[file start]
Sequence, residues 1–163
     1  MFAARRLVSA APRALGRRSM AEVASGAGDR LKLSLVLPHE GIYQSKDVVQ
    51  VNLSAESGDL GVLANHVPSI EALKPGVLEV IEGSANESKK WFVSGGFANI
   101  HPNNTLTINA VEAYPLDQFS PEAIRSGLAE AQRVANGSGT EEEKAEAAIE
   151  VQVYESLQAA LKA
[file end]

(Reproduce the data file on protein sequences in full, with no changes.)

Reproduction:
Sequence, residues 1–163
     1  MFAARRLVSA APRALGRRSM AEVASGAGDR LKLSLVLPHE GIYQSKDVVQ
    51  VNLSAESGDL GVLANHVPSI EALKPGVLEV IEGSANESKK WFVSGGFANI
   101  HPNNTLTINA VEAYPLDQFS PEAIRSGLAE AQRVANGSGT EEEKAEAAIE
   151  VQVYESLQAA LKA